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My  DIY  House and Garden at the Farm in the Pines


Everyone has dreams. I dreamed of a farm...with raspberries.... where I could do just about what I wanted everyday. Where I could play at being an artist, grow delicious and healthy vegetables, build stuff and let my imaginings come to life.  In 2016, I decided to do it- at 67 years old, why wait?  

Once the decision was made, I scoured real estate listings on-line. The property must be more than one acre, be within 3 hours of my home, and have a house with good water and a solid roof. And it had to feel right. When I first saw this property, surrounded by huge pine trees, with a one acre clearing and a house that was dilapidated beyond description, I have to say I was a bit hesitant. It's beautiful but maybe more of a challenge than I thought I could take on. In the days after the initial preview, I slowly changed my mind and fell in love with the land and the possibilities. The Farm in the Pines is a great joy for me- to maintain and improve, to develop and share, a place to really feel at home.
2016 was mostly about the house, establishing a raspberry patch and lavender garden. The renovation was exhausting and exhilerating and mostly complete within a year. 2017 saw a garden room addition to the house- a potager of sorts- for fresh vegetables, perennials and outdoor seating for guests. In 2018 a perma/no till  planting of market flowers, squashes and herbs was added. It's hard to stop as long as there is ground to fill!
My name is Sandy and I have worked as an interior decorator, couture seamstress, contractor, house flipper, herbalist, baker and Realtor. This is the story of how and where all the pieces of my life come together, naturally.  
2019 Newsletters from the Farm
3 April 2019   ~ Finally , spring has arrived and I'm like a whirling dervish with so many plans and projects on my plate. I hope you have some pretty daffodils to view. It seems like this year is colder than last and things are a bit late in getting started here.

I hadn't been to the farm since last October and it's been on my mind that the berry canes needed to be pruned while the plants were dormant. Last year it took Rick and I two short days to do the whole field. The house is still winterized so we can't stay there and we weren't looking forward to  two trips. My friend Paula told me there was still snow but after a week of temps in the low 50's and rain for a couple of days, I thought surely the snow must be gone, so I started planning a trip to the farm.
It was a very happy occasion that Rick's daughter Paige decided to move back to our area after being in California for 8 years and arrive the week we were going to the farm. She'd never been there and was eager to go. Blair, Rick's youngest daughter, was up for the travel and a friend of hers, Elaina thought it would be fun to come along. So our hope to get the field done in a day seemed possible.

Never underestimate the vitality of youth!  Though the day was sunny and mild, there were still some patches of snow so I gave out sheets of plastic to lay on. Each girl and Rick took a row to cut while I went behind them with the wagon to clear the field of cut canes.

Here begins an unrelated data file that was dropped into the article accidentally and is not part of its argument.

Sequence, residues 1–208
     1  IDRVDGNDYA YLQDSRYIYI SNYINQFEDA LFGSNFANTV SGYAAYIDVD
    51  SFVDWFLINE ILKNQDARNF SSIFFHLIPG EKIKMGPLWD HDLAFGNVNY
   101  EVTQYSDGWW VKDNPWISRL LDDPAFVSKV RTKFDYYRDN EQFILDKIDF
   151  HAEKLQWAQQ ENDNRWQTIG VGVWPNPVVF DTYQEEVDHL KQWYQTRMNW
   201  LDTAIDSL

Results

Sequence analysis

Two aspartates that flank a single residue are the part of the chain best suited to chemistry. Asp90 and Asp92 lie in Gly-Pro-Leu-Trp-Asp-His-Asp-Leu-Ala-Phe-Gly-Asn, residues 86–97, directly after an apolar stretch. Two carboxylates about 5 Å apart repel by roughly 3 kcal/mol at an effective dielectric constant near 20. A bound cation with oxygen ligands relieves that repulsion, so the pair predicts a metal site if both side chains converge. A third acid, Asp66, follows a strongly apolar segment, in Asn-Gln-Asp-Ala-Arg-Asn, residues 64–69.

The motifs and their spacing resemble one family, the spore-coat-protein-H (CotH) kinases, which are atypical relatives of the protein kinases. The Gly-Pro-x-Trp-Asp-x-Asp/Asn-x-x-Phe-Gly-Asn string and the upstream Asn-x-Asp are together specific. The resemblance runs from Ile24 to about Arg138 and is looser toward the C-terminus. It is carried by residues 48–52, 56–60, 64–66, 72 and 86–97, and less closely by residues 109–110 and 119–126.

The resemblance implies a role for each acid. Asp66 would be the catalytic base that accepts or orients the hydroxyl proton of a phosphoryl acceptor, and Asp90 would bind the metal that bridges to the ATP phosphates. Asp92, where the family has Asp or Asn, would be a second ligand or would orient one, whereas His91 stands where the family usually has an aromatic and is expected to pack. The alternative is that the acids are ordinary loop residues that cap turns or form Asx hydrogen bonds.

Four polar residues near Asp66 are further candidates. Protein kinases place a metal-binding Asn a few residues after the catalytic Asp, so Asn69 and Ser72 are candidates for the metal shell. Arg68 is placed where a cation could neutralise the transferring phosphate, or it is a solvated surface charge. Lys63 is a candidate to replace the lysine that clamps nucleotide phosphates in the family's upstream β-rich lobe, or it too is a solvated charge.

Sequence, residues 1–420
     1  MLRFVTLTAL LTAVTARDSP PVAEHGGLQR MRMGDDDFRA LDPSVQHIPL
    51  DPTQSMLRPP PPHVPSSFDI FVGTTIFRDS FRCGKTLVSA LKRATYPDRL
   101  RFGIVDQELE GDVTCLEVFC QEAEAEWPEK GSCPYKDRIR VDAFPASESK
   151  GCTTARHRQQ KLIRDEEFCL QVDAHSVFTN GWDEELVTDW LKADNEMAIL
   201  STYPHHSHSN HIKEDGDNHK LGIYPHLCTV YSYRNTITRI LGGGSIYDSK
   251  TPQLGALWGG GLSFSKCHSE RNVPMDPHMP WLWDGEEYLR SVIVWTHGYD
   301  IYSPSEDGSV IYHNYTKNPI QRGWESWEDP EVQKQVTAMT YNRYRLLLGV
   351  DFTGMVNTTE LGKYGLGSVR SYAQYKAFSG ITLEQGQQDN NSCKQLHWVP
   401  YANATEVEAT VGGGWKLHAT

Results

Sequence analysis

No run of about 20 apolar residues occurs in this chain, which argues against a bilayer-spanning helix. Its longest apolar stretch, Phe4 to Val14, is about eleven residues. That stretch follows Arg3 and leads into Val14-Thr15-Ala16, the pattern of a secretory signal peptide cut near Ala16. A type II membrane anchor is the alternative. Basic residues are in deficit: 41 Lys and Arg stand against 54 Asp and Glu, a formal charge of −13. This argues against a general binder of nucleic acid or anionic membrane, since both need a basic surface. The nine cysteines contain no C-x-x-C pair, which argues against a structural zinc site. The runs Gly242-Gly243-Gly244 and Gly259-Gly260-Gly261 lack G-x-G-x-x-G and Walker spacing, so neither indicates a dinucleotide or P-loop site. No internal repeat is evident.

We managed to do the whole field in under 2 hours- amazing! The girls then helped clear some fallen branches from the new area I'd like to use for the road stand. While they were carting the branches, they saw bear prints in the snow (why aren't those bears in hibernation???) 
It was a fun day. For Rick and I, having our girls with us at the farm was a dream come true.

Blair drives a pick-up truck so while we were at the farm we loaded the hot frame and brought it home. It took a couple days to reassemble on our home patio and wrap with plastic and it's all ready for spring plants. I had started some seeds- tomatoes, statice, cauliflower, cabbages, delphinium, sage, rosemary, thyme- under the lights indoors and already some of them (herbs, onions, cabages and cauliflower) are living in the hot frame. My next round of seeding will be April 15th, mostly for dryable flowers which will be grown at the farm. Last year I processed 700 plants through this very modest hot frame and I'm eager to see how many I can do this year.

I joined a Facebook page called  Sow Generous . Everyone on the page has made a committment to grow enough to generously share with others. I love seeing how other gardeners start their plants, what their gardens look like and for the opportunity to widen my community of people who also like to play in the dirt.

(picture from iStock)

Toward the end of winter, I started to get a little bored waiting for spring. I was "crafted" out and my usual activities seemed routine and didn't quite fill my day. I decided to watch permaculture videos on Youtube so I could learn more about it. No joke, there are a lot of videos. But I learned so much and I'm even more over the moon with this concept of garden design AND lifestyle. If you'd like to watch a short, succinct, defining video which explains the permaculture process, click

Just a reminder, this is the 50th year since the Woodstock festival which was not held in Woodstock, but in Bethel NY, just 10 miles from the farm. There are many plans for celebratory  events throughout the area. There is also the Woodstock museum which chronicles the famous concert. Click here to see what is being offered.  If you come 'round for any of the activities, please let me know so we can get together.

I wanted to share a beautiful poem by my friend Blythe at Barbolian Fields. She heralds spring with  perfect awe and delight! Click here.


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